The Caribbean Pantry Cookbook: Condiments and Seasonings from the Land of Spice and Sun

The Caribbean Pantry Cookbook: Condiments and Seasonings from the Land of Spice and Sun

by Steven Raichlen, Martin Jacobs
     
 

Mouth-searing hot sauces, fragrant marinades and fiery spice rubs, tropical fruit preserves, jams, and cooling rum drinks: The Caribbean Pantry Cookbook: Condiments, Seasonings, and Preserves from the Land of Spice and Sun captures the vibrant flavors and tropical abundance of this diverse region. Its 70 recipes and 20 full-color photographs will

Overview


Mouth-searing hot sauces, fragrant marinades and fiery spice rubs, tropical fruit preserves, jams, and cooling rum drinks: The Caribbean Pantry Cookbook: Condiments, Seasonings, and Preserves from the Land of Spice and Sun captures the vibrant flavors and tropical abundance of this diverse region. Its 70 recipes and 20 full-color photographs will help add island excitement to everyday meals. Steven Raichlen, author of Miami Spice, has traveled widely throughout the region and collected his favorite recipes for condiments and seasoning mixes.

There are few places in the world where you can find such eclectic assortment of condiments and seasonings as in the Caribbean, where the bold flavors match the intensity of the tropical sun. Many ethnic groups have contributed to the region's culinary melting pot, combining elements of European, North African, and even Asian cuisines with the region's characteristic fruits, vegetables, and spices.

The Caribbean Pantry includes recipes for pantry items as well as for dishes in which to use them. With a well-stocked pantry, it's easy to chase away the mid-winter blues by putting Orange Pepper Jelly on an English muffin, sipping Passion Fruit Punch by the fire, enlivening chicken breasts with St. Barts Creole Sauce, or a filet of grouper with Chili Lime Sauce. Use Mojo (Cuban Garlic-Cumin Sauce) to marinate shell steak, or create Bajan Roast Game Hens with Seasoning, the classic seasoning mix of Barbados. The recipes in The Caribbean Pantry are simple to make and most ingredients are widely available (mail-order sources are included for hard-to-find items).

Editorial Reviews

Library Journal
This second title in this series follows Aglasia Kremezi's The Mediterranean Pantry Cookbook (LJ 11/15/94). The recipes in Raichlen's collection of hot sauces, marinades, and rubs, chutneys, and pickles don't seem quite so exotic as those in the Mediterranean book, perhaps because other good Caribbean cookbooks have been around for a while. And they are not always particularly authentic renditions; Raichlen, a cooking teacher and author of many cookbooks, including Miami Spice (LJ 11/15/93), often puts his own particular spin on these Latin American condiments and dishes. Beautiful photographs and lots of appealing recipes, but not an essential purchase.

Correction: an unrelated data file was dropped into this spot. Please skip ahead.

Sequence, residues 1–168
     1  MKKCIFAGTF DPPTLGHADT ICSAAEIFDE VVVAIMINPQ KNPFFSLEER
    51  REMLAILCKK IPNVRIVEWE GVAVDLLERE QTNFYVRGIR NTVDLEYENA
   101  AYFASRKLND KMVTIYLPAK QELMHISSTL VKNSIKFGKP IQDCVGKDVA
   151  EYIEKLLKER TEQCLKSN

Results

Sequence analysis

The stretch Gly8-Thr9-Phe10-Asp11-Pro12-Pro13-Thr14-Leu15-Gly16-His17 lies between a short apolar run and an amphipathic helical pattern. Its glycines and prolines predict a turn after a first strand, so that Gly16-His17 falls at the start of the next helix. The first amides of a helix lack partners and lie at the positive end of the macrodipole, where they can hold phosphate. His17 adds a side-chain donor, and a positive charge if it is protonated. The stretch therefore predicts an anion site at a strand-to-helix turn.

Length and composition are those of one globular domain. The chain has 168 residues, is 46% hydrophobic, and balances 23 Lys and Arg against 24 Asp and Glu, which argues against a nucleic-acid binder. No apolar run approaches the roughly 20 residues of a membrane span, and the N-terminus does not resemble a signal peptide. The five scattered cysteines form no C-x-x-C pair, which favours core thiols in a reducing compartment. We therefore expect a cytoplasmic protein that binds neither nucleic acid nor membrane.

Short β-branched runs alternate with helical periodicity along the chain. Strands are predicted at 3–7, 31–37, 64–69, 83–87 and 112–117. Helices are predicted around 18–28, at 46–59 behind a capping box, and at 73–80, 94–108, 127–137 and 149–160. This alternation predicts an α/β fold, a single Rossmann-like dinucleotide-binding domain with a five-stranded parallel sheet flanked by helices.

Product Details

ISBN-13:
9781885183101
Publisher:
Artisan
Publication date:
09/01/1995
Pages:
140
Product dimensions:
8.26(w) x 9.32(h) x 0.68(d)

Read an Excerpt


Dry Jerk Seasoning

Montego Bay meets Memphis in this recipe, a spice rub based on Jamaica's traditional jerk seasoning. Sprinkle this rub on ribs, pork chops, chicken breasts, and seafood prior to grilling. Or substitute it for Cajon spice in your favorite pan-blackening recipe. You can also stir a few tablespoons into sour cream to make an unusual dip.

The traditional chili pepper for jerk is, of course the Jamaican hot or Scotch bonnet. This recipe calls for the closely realted habanero chili, which is more readily available dried or powdered.

When grinding whole dried habaneros, drape a dish towel over the grinder or blender and take care not to inhale the dust. Several companies sell habanero chili poweder. I've suggested a range for the chili powder: the tender of tongue should start with 1 tablespoon; the pyromaniac will want to use the full 2.

1 to 2 tablespoons habanero chili powder, or to taste

1/4 cup freeze-dried chives

2 tablespoons onion powder

2 tablespoons garlic powder

2 tablespoons kosher salt

4 teaspoons ground coriander

4 teaspoons ground ginger

2 teaspoons freshly ground black pepper

2 teaspoons dried thyme

2 teaspoons ground allspice

1 teaspoon ground cinnamon

1/2 teaspoon ground cloves

1/2 teaspoon freshly grated nutmeg

Combine the chili powder, chives, onion powder, garlic powder, salt, coriander, ginger, pepper, thyme, allspice, cinnamon, cloves, and nutmeg in a spice mill or blender and grind to a fine powder.